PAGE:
Political polarization in DR Congo may spark ‘large-scale violence,’ UN envoy warns Security Council
“The tipping point towards grave violence could arrive very rapidly,” said Maman Sidikou, Special Representative of the Secretary-General and Head of the UN Organization Stabilization Mission in the Democratic Republic of the Congo (MONUSCO). “I believe the Council must remain actively seized of the situation,” also encouraging regional organizations to engage more closely with the situation.
Briefing the Council on the Secretary-General’s latest report on the situation, Mr. Sidikou expressed deep concerns about the impasse in the electoral process, rising political tensions and related violence in the country, and underlined the primary responsibility of the Government and all stakeholders “to preserve the hard-won gains made in recent years.”
Recalling that in September, after a group of opposition parties called the Rassemblement boycotted the national dialogue despite the efforts of a facilitator named by the African Union, he said the Independent National Electoral Commission had announced that presidential elections would not be feasible until 18 November 2018, with completion of the voter registry by 31 July 2017.
That announcement, he said, triggered wide-spread condemnation by the opposition, who claimed that the Electoral Commission was being used to extend President Joseph Kabila’s incumbency beyond constitutional limits. The Rassemblement subsequently called for the President to step down by 19 December 2016.
Maman Sidikou, the Secretary-General's Special Representative for DR Congo and head of MONUSCO, briefs the Security Council. Credit: UN News Centre
“Against this backdrop of polarization,” Mr. Sidikou said that on 19 and 20 September, serious violence erupted following large-scale demonstrations in the Congolese capital, Kinshasa, and elsewhere, during which, the UN had confirmed, there were at least 49 civilians killed, 38 by gunshot, others burned alive or killed by machete. More than 140 were injured, with four officers allegedly killed by demonstrators. MONUSCO investigations, he said, had documented the involvement of both State and non-State actors.
In all this, the Mission has continued its call for restraint by all actors. Mr. Sidikou said he had personally raised concerns about the role of State violence with his Government interlocutors and had worked with the diplomatic community and civil society to build bridges between the parties. He also liaised closely with the Government on confidence-building measures to encourage dialogue, notably through the release of political prisoners and allowing media to operate without constraints.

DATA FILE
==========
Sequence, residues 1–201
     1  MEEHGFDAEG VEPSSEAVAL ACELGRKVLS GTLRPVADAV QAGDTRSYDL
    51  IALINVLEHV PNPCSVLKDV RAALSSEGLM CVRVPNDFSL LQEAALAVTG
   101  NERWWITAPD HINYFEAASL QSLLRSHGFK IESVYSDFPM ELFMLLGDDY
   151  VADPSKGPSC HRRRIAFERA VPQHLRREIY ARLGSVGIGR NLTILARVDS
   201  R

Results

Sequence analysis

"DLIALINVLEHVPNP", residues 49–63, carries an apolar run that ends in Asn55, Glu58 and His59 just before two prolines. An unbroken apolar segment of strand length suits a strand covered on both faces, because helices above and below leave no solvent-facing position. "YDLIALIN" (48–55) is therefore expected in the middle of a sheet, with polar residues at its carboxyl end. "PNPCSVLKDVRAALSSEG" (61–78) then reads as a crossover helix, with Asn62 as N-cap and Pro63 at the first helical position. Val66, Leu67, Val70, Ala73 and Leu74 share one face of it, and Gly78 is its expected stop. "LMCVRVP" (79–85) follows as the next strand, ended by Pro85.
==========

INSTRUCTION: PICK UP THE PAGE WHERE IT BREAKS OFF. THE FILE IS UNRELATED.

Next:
The Mission has reinforced its presence in Kinshasa to bolster monitoring the political, security and human rights situation, he added.
“While much attention is currently focused on the political situation, I would like to highlight that the security situation in eastern DRC remains very worrying, characterized by severe protection of civilians risks to many communities,” he reported, adding that these tensions are only increasing through the electoral period. He also described MONUSCO’s civilian protection activities, including military operations against armed groups, based on what he called solid cooperation with the Congolese Armed Forces, known by the French acronym FARDC.
Also, in regard to the situation in the east, he reported that a precarious situation was created when more than 1,000 ex-combatants were returned to communities in the region as part of the demobilization and reintegration process, but before the Government and World Bank partners had adequately prepared the communities for their return, raising the possibilities of tensions and their return to armed groups.
Noting MONUSCO community violence-reduction programmes, Mr. Sidikou called for all partners to quickly put in place the necessary community reintegration measures to allow further returns to occur in a constructive manner.
He also appealed for greater support for humanitarian needs in the eastern part of the country, noting that population movements continue, refugees are arriving from South Sudan, epidemics loom and the 2016 appeal is only half funded. With regard to the overall situation of the country, he warned that, while MONUSCO would continue to do everything in its power to protect civilians, large-scale violence due to political polarization could be overwhelming. “The scope of the threats dramatically outstrips the Mission’s capabilities,” he said.